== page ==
Limitations: Relatively short-term follow-up and exclusion of prevalence cases, which may have masked associations in patients with less extensive psoriasis.

Conclusion: Clinicians may measure BSA affected by psoriasis to target diabetes prevention efforts for patients with psoriasis.
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http://dx.doi.org/10.1016/j.jaad.2017.10.050DOI Listing
http://www.ncbi.nlm.nih.gov/pmc/articles/PMC5768452PMC
February 2018

Risk of Incident Liver Disease in Patients with Psoriasis, Psoriatic Arthritis, and Rheumatoid Arthritis: A Population-Based Study.

J Invest Dermatol 2018 04 2;138(4):760-767. Epub 2017 Nov 2.

Department of Dermatology, Department of Biostatistics and Epidemiology, Center for Clinical Epidemiology and Biostatistics, Perelman School of Medicine, University of Pennsylvania, Philadelphia, Pennsylvania, USA.

Relatively little is known about the risk for incident liver disease in psoriasis (PsO), psoriatic arthritis (PsA), and rheumatoid arthritis (RA). We performed a cohort study among patients with PsO, PsA, or RA and matched controls in The Health Improvement Network from 1994 to 2014. Outcomes of interest were any liver disease, nonalcoholic fatty liver disease, and cirrhosis (any etiology). Among patients with PsO (N = 197,130), PsA (N = 12,308), RA (N = 54,251), and matched controls (N = 1,279,754), the adjusted hazard ratios for any liver disease were elevated among patients with PsO (without systemic therapy [ST] 1.37; with ST 1.97), PsA (without ST 1.38; with ST 1.67), and RA without an ST (1.49) but not elevated in patients with RA prescribed an ST (0.96). Incident nonalcoholic fatty liver disease was highest in patients with PsO prescribed an ST (2.23) and PsA with an ST (2.11). The risk of cirrhosis was highest among patients with PsO with an ST (2.62) and PsA without an ST (3.15). Additionally, the prevalence of liver disease and cirrhosis increased in a stepwise fashion with increasing body surface area affected by PsO (P for trend <0.001). More so than RA, PsO and PsA are associated with liver disease, particularly nonalcoholic fatty liver disease and cirrhosis, and this was true even among patients without ST exposure.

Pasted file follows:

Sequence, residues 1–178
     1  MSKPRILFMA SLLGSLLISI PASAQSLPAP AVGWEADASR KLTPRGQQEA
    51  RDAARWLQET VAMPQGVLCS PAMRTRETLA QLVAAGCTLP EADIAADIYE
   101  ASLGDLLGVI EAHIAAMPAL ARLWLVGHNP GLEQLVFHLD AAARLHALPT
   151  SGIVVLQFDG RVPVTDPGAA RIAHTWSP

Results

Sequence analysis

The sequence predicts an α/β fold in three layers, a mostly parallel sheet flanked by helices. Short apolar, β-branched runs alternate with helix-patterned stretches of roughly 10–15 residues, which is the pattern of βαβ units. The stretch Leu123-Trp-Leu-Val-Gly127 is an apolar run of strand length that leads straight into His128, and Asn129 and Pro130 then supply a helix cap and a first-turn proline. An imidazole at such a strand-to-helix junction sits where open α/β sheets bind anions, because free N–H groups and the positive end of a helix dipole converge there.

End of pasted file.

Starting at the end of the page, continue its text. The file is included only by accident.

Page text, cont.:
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http://dx.doi.org/10.1016/j.jid.2017.10.024DOI Listing
http://www.ncbi.nlm.nih.gov/pmc/articles/PMC6287638PMC
April 2018

Racial and ethnic differences in health care utilization for childhood eczema: An analysis of the 2001-2013 Medical Expenditure Panel Surveys.

J Am Acad Dermatol 2017 Dec 28;77(6):1060-1067. Epub 2017 Sep 28.